J12.5 Evaluating the utility of satellite soil moisture retrievals over irrigated areas and the ability of land data assimilation methods to correct for unmodeled processes

Tuesday, 12 January 2016: 2:30 PM
Room 240/241 ( New Orleans Ernest N. Morial Convention Center)
Sujay Kumar, NASA/GSFC, Greenbelt, MD; and C. Peters-Lidard, J. A. Santanello Jr., R. H. Reichle, C. Draper, R. D. Koster, G. S. Nearing, and M. F. Jasinski

The Earth's land surface is characterized by tremendous natural heterogeneity and human engineered modifications, both of which are significantly challenging to represent in land surface models. Satellite remote sensing is often the most practical and effective method to observe the land surface over large geographical areas. Agricultural irrigation is one of the important human induced modifications to natural land surface processes, as it is pervasive across the world and because of its significant influence on the regional and global water budgets. In this study, irrigation is used as an example of an important human engineered, unmodeled land surface process, and the utility of satellite soil moisture retrievals over irrigated areas in the continental U.S. is examined. Such retrievals are based on passive or active microwave observations from the Advanced Microwave Scanning Radiometer for the Earth Observing System (AMSR-E), the Advanced Microwave Scanning Radiometer 2 (AMSR2), the Soil Moisture Ocean Salinity (SMOS) mission, WindSat and the Advanced Scatterometer (ASCAT). The analysis suggests that the skill of these retrievals for representing irrigation artifacts is mixed, with ASCAT based products generally more skillful than SMOS and AMSR2 products. In this study, the suitability of typical bias correction strategies in current land data assimilation systems when unmodeled processes dominate the bias between the model and the observations is also explored. Using a suite of synthetic experiments that includes bias correction strategies such as quantile mapping and trained forward modeling, it is demonstrated that the bias correction practices lead to the exclusion of the signals from unmodeled processes. It is further shown that new methods are needed to preserve the observational information about unmodeled processes during data assimilation.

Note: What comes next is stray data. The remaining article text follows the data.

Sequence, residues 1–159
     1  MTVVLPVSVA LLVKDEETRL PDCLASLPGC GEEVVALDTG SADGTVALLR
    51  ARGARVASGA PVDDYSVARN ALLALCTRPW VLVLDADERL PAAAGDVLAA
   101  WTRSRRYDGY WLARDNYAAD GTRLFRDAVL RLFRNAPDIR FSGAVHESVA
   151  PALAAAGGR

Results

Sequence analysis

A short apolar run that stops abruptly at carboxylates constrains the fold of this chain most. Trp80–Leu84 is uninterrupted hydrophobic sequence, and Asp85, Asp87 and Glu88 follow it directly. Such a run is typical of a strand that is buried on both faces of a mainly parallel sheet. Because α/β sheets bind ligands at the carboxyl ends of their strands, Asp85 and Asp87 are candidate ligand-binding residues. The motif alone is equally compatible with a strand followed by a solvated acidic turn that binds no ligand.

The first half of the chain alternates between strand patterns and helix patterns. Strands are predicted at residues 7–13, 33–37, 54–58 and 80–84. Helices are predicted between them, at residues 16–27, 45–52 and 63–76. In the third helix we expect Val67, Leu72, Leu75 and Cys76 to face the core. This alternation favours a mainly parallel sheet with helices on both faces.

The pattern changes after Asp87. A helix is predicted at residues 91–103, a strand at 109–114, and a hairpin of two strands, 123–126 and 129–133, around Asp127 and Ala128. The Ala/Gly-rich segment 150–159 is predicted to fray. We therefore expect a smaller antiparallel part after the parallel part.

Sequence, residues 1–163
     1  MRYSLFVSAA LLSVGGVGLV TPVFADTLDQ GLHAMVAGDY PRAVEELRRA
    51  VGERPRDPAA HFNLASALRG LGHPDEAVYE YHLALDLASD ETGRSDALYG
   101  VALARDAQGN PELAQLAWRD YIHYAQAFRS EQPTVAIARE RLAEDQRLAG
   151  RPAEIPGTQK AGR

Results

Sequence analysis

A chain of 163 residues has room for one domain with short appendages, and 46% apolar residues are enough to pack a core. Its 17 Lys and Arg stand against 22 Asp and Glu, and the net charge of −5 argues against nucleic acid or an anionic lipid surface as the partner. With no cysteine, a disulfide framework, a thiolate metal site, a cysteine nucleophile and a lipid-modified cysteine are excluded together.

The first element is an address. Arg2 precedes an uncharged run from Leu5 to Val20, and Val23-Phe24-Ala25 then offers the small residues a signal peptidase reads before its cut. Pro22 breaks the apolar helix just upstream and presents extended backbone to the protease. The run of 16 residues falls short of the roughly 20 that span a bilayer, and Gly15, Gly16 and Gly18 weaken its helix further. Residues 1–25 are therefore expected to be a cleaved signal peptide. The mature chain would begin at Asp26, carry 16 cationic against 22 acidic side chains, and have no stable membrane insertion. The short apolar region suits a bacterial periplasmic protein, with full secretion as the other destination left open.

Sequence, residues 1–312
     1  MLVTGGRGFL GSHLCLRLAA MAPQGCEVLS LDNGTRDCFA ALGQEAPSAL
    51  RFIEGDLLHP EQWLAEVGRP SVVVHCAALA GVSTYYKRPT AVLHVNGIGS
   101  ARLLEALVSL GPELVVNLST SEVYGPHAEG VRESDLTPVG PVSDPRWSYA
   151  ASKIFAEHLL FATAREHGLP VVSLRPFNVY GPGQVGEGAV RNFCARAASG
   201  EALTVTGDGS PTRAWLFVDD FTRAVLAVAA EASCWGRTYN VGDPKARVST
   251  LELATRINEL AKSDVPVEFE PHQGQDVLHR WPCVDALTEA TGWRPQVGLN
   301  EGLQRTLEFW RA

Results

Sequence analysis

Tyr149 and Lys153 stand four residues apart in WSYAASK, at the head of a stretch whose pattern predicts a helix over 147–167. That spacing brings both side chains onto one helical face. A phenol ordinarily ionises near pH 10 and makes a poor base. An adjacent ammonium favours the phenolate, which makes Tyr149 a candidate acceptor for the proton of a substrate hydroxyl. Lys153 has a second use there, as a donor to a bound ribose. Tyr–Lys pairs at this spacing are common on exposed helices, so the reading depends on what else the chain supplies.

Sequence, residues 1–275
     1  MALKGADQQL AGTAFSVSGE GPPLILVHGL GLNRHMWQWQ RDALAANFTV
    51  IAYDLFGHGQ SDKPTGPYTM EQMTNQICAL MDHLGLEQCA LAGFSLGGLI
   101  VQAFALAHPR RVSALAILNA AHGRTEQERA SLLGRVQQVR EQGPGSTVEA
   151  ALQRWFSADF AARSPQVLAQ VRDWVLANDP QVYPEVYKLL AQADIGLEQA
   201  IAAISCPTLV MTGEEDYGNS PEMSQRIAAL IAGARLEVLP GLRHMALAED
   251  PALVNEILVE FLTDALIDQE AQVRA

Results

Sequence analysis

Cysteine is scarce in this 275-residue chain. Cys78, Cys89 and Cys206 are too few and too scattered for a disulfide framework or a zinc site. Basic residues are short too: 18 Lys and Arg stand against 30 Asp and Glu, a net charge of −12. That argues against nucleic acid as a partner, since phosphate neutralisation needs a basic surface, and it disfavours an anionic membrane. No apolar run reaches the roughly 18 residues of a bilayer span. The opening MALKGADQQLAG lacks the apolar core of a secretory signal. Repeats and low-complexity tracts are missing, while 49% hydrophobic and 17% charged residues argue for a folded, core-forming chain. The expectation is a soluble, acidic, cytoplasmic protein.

- Indicates paper has been withdrawn from meeting
- Indicates an Award Winner